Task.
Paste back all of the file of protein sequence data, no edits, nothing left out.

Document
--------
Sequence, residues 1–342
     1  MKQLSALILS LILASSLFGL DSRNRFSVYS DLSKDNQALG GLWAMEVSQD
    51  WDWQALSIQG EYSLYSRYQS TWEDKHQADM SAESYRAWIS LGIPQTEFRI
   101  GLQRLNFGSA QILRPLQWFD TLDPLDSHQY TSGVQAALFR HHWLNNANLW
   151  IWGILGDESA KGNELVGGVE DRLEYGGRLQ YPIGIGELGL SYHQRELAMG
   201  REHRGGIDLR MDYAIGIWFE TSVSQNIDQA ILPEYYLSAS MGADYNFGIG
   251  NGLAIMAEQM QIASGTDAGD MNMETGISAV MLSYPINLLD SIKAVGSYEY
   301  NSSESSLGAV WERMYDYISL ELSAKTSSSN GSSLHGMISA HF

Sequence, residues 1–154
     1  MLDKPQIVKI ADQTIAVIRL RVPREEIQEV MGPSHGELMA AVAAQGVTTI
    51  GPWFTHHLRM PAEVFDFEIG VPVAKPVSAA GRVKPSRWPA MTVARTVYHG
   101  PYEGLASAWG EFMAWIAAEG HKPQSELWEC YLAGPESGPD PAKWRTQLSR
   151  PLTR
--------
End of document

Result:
Sequence, residues 1–342
     1  MKQLSALILS LILASSLFGL DSRNRFSVYS DLSKDNQALG GLWAMEVSQD
    51  WDWQALSIQG EYSLYSRYQS TWEDKHQADM SAESYRAWIS LGIPQTEFRI
   101  GLQRLNFGSA QILRPLQWFD TLDPLDSHQY TSGVQAALFR HHWLNNANLW
   151  IWGILGDESA KGNELVGGVE DRLEYGGRLQ YPIGIGELGL SYHQRELAMG
   201  REHRGGIDLR MDYAIGIWFE TSVSQNIDQA ILPEYYLSAS MGADYNFGIG
   251  NGLAIMAEQM QIASGTDAGD MNMETGISAV MLSYPINLLD SIKAVGSYEY
   301  NSSESSLGAV WERMYDYISL ELSAKTSSSN GSSLHGMISA HF

Sequence, residues 1–154
     1  MLDKPQIVKI ADQTIAVIRL RVPREEIQEV MGPSHGELMA AVAAQGVTTI
    51  GPWFTHHLRM PAEVFDFEIG VPVAKPVSAA GRVKPSRWPA MTVARTVYHG
   101  PYEGLASAWG EFMAWIAAEG HKPQSELWEC YLAGPESGPD PAKWRTQLSR
   151  PLTR